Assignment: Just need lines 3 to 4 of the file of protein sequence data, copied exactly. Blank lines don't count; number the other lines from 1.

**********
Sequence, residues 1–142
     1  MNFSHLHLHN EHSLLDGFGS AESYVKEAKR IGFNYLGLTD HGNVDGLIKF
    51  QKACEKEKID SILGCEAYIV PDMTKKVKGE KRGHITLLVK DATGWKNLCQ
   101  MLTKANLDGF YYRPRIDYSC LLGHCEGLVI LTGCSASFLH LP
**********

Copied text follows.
    51  QKACEKEKID SILGCEAYIV PDMTKKVKGE KRGHITLLVK DATGWKNLCQ
   101  MLTKANLDGF YYRPRIDYSC LLGHCEGLVI LTGCSASFLH LP